Ordered decay

Taxidermy, voodoo and scavenging at the banks of the Thames may not sound particularly appealing; but young artist Katie Louise Surrdige manages to marry these rather dark threads into an arresting visual narrative.

Surridge’s first solo show, Voo-dology, opens at the EB & Flow gallery next month, and showcases the artist’s Womble-like knack of creating something thought-provoking from artefacts of detritus and decay.

Katie Louise Surridge, A Beautiful Struggle 2011. Courtesy the artist and EB  Flow
Katie Louise Surridge, A Beautiful Struggle 2011. Courtesy of the artist and EB Flow

Her large scale installations are structured from items unearthed on rather unsavoury sounding ‘scavenging trips’, utilising objects including basketball hoops, animal skins, fence postings and straw.

The show will present Live Through This, a new installation influenced by trips from horse fairs such as Cumbria’s Appleby (yes, the one made infamous through My Big Fat Gypsy Wedding). The piece features shire horse collars, a cattle feeder and Victorian clay pipes foraged from the murky banks of the river Thames.

Katie Louise Surridge, And in Pole Position 2011. Courtesy of the artist and EB  Flow
Katie Louise Surridge, And in Pole Position 2011. Courtesy of the artist and EB Flow

The equine is a recurring theme in Surridge’s work. Having been awarded the Dolbey Travel Scholarship last year, the artist undertook a creative fact-finding sojourn to Ireland, where she saw first-hand the Gypsy culture, aligning their penchant for collecting scrap metal with her own found-object based practice.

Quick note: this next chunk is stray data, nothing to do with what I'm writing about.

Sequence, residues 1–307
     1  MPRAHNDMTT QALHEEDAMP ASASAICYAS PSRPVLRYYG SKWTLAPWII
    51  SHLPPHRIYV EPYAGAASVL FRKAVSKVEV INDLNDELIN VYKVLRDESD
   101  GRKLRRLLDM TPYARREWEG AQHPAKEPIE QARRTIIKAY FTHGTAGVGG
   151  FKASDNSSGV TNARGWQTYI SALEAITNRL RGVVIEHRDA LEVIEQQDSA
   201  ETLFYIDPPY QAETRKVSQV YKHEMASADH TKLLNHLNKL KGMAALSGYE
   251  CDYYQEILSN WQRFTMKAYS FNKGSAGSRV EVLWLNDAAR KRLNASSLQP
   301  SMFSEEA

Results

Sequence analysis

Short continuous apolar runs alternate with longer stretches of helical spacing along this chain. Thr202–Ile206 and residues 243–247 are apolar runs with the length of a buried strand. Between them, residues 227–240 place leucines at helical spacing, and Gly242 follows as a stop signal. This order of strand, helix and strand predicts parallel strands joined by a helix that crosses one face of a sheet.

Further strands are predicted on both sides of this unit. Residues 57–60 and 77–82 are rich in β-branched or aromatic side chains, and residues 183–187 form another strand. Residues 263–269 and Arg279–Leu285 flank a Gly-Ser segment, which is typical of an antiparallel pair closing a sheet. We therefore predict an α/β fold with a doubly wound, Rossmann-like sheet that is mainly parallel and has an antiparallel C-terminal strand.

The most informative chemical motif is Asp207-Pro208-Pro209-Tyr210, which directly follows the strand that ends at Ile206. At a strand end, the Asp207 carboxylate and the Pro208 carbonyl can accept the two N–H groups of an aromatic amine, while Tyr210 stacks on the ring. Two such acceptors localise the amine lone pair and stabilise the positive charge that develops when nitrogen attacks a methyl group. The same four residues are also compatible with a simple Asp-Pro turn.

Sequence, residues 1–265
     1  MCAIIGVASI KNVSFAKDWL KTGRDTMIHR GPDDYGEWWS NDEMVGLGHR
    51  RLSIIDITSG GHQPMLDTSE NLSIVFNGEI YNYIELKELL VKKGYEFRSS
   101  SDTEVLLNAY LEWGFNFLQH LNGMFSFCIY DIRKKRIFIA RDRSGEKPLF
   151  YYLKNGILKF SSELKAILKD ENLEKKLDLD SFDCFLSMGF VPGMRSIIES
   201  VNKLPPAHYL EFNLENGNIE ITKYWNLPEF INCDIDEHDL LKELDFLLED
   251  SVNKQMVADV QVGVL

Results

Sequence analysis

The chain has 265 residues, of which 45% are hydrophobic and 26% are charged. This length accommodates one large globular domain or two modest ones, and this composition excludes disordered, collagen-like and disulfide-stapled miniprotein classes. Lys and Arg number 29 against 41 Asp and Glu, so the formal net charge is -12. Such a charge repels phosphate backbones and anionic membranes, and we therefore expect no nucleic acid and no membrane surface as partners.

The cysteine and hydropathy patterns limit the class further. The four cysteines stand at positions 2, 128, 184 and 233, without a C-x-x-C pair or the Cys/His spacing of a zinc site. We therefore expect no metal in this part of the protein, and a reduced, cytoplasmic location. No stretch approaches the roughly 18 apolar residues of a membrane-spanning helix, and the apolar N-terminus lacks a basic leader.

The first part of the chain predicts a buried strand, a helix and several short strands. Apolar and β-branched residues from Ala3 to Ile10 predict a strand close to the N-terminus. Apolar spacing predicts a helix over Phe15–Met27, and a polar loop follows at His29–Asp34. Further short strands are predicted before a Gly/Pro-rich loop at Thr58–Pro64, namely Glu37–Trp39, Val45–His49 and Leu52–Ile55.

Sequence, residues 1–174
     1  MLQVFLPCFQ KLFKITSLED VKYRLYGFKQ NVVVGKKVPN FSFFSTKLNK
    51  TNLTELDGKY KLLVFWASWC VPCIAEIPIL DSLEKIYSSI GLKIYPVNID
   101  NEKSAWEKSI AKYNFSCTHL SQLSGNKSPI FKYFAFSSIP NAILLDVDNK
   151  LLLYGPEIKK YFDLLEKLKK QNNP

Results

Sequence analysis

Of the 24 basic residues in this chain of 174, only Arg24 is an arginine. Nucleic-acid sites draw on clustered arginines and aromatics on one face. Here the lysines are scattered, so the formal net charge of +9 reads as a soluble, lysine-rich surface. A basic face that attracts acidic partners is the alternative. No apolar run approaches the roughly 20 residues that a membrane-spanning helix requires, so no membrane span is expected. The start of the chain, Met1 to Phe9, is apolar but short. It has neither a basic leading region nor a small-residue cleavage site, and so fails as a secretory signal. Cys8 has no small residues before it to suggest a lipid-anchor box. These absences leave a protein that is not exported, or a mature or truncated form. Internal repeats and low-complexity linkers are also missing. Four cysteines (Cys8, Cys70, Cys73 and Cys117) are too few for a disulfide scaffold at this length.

Nathan Engelbrecht, co-director of EB & Flow, says, ‘Surridge weaves the mundane and disregarded into something magical and visceral through the closely knitted narratives that she adds to each piece.’

Katie Louise Surridge, Skull and Nails 2011. Credits courtesy of the artist and EB  Flow
Katie Louise Surridge, Skull and Nails 2011. Credits courtesy of the artist and EB Flow

Though many of us wouldn’t find the idea of animal corpses particularly ‘magical’, Surridge’s work is frequently informed by the organic, shown in the use of bones and animals, which she rather bravely taxidermies herself.

Co-director of EB &Flow, Margherita Berloni adds, ‘Through this her work displays an element of shamanistic and transgressive ritual, a kind of simultaneous veneration and abjection of the animal.’

Katie Louise Surridge, So Over 2010. Credits courtesy of the artist and EB  Flow.
Katie Louise Surridge, So Over 2010. Credits courtesy of the artist and EB Flow.

Voo-dology runs from 10 June-26 August at EB & Flow, 77 Leonard Street, London, EC2A

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